Read it and weep. Third Man Records hangs a shingle for their all-vinyl pop-up shop in the Cleaners at Ace Hotel & Swim Club — the only record store in Palm Springs for the time being — during our annual music and arts festival Desert Gold, deep in the desert during Coachella-time. Jack White, this year’s official ambassador of Record Store Day on 4/20, dude — hosts along with Ben Swank and other Third Man women and men. They’ll run a karaoke ring with NPR Music and other labels and groups in the Amigo Room, and pull all other manner of great feats of musical prowess off during the following couple of weeks. Stay tuned on our Desert Gold site, and bring your LP bag.
Origami Vinyl in Echo Park is one of our favorite record stores (and record labels) in the world — and their shop dog Ali is pretty great. Peering into their bins is as lascivious and thrilling as it sounds, so we asked a few of their certified cratediggers for their picks of the week.
Neil Schield — the bicep : Chelsea Light Moving S/T
It was a sad day when Sonic Youth went on indefinite hiatus a few months back. The band has been a huge inspiration to me over the years and I was lucky enough to work with them on their Murray Street album. Then I heard about Thurston Moore’s new adventure in the form of Chelsea Light Moving. I was blown away the moment I heard the first track “Lip”. The album is not only refreshing and new but harkens back to earlier SY material that was all about sonic experimentation. Get ready to drop some guitar bombs on your stereo.
Sean Stentz — the wild beauty, bassist of NO : Beak>
Geoff Barrow of Portishead and his pals from Beak> return to form sounding like a PBS documentary soundtrack meets Mad Max: Road Warrior. Dark and buzzy, I love it for filling that ever expanding Kraut-rock shaped hole in my ears.
Emily Twombly — the brain : Palma Violets 180
Palma Violets remind me of a band you’d see in a shitty basement at a party but as soon as they start playing the party turns into the best night of your life. You can tell they’re stoked about rock music and the sincerity goes a long way. Their songs are earnest anthems about “boy stuff”…. but more specifically they are NOT about being sad about girl stuff. These kids definitely collect records — with nods to bands like The Doors, Faces and the Velvet Underground. This is definitely going to be the soundtrack to my summer…
To many, Linda Gerard needs no introduction. She has a cult following of devoted fans who journey to sunny Ace in Palm Springs to catch a glimpse and an earful of this self-described — Older, Wiser Lesbian. She’s everyone’s femme idol, the apple of our eye and one of our favorite human beings. She’s also a ridiculously talented woman with many an industry notch on her belt. That she’s decided to settle down with us in the desert, hosting Sissy Bingo every week and otherwise wowing those in the know as well as virgin ears and eyes, makes us incredibly blessed. Linda’s voice carries the oceanic vibrations of every great Broadway star before her, and she lets it ricochet ‘gainst the walls of King’s Highway when the mood is right. Her penchant for show-stopping eyewear and envy-inducing collection of let-your-light-shine sweaters and blazers leave us swooning.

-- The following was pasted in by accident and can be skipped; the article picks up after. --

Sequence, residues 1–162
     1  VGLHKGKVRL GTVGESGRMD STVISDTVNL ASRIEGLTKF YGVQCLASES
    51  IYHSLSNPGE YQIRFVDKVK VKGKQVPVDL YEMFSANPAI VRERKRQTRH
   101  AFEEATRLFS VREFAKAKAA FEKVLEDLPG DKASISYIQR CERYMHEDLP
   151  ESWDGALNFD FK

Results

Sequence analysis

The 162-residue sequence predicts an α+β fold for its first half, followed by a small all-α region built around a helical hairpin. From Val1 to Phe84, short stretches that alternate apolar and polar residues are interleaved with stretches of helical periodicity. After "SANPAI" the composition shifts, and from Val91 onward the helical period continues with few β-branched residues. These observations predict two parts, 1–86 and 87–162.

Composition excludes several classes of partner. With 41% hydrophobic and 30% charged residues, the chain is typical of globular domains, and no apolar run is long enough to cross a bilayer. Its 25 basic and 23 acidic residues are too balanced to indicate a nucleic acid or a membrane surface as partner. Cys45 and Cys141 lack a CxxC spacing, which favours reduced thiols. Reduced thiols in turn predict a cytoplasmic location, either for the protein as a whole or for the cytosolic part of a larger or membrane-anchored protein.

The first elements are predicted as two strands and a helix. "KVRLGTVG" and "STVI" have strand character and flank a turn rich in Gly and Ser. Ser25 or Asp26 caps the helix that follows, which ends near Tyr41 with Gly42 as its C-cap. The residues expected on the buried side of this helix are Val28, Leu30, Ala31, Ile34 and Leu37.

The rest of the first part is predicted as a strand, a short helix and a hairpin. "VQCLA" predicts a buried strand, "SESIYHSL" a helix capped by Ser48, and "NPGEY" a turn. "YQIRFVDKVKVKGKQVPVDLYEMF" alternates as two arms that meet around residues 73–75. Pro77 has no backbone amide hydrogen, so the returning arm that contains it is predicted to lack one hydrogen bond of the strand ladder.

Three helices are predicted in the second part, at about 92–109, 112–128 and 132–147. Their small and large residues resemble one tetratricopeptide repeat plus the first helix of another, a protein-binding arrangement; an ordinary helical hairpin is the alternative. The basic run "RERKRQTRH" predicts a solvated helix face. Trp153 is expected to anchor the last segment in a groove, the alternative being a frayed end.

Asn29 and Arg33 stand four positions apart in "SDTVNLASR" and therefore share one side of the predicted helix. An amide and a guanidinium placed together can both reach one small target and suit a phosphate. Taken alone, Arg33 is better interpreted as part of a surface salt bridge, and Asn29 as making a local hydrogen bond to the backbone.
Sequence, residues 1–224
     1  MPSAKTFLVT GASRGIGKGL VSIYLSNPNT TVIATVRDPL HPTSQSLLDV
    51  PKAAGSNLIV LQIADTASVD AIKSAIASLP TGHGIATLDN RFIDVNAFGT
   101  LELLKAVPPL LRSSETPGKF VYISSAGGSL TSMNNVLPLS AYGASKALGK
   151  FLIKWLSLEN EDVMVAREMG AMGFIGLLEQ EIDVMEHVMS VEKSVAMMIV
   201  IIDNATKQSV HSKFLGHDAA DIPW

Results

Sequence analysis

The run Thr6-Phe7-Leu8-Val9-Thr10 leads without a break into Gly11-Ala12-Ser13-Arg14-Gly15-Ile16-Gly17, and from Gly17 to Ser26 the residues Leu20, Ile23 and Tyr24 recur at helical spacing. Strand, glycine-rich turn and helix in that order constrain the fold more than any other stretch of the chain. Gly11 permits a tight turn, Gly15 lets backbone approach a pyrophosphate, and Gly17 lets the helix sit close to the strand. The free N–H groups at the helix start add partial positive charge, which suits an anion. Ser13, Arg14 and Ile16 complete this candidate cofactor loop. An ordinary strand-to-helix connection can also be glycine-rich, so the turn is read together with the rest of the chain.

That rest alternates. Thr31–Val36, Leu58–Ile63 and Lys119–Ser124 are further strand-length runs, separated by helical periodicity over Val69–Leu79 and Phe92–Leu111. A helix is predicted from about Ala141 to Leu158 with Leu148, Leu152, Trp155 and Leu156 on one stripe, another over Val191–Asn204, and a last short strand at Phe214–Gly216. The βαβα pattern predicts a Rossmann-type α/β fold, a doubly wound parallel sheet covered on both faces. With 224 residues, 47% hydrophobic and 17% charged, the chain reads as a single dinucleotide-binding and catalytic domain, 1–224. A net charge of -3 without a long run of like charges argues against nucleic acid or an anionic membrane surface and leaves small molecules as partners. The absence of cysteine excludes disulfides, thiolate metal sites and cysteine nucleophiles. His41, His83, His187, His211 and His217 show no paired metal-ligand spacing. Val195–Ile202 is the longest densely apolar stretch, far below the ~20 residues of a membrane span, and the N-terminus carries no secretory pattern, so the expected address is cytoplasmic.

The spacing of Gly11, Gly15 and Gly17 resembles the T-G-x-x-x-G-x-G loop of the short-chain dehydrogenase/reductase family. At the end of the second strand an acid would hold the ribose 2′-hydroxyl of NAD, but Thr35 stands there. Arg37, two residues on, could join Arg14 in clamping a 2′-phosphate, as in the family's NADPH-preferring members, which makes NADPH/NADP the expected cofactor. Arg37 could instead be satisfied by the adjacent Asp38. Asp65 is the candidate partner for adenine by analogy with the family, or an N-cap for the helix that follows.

We recently released a vinyl-only limited edition of Linda’s greatest hits, Fabulous Selections on our shop, and for our mutual dear friend DJ Day — another Palm Spring legend — we also present his first album, Land of 1000 Chances, on the shop. Day and Linda sat down recently to thumb through a bit of Linda’s life story — the stuff of big dreams, massive love, brave independence and a woman from whom we all have a lot to learn — entrusted to a confidante half her age but who’s definitely dancing to a similar drummer.
Let’s start from the beginning.
I was born in Trenton, New Jersey, in 1938, to a very orthodox Jewish family. Kept kosher, did the whole bit. I was always a performer. I always got up in front of people and sang. So, when I was old enough to get on the train my parents would let me go by myself to study in New York. I studied singing, dancing, acting, elocution and all that stuff. My parents wanted me to go to private school, but I said, “No, no, no. I don’t want to go to private school.”
I went to Trenton High School and I was in all the plays and the musicals and that was fun. Then when it was time to go to college and my parents wanted me to go I said, “I want to be in show business, but I’ll go to college if I can go to New York City.” There was a college in New York City called Finch, and it was on 78th Street between Park and Madison. I knew that if I got in I could sing on the weekends because that’s what I wanted to do. I got into Finch and on weekends I sang at 1 Fifth Avenue. I was always singing. I didn’t get great grades but I didn’t care. My parents cared, but I didn’t care. So the following year I didn’t want to go back. I said to parents, “Let me audition for the American Theatre Wing,” which was a very good school, for musical comedy.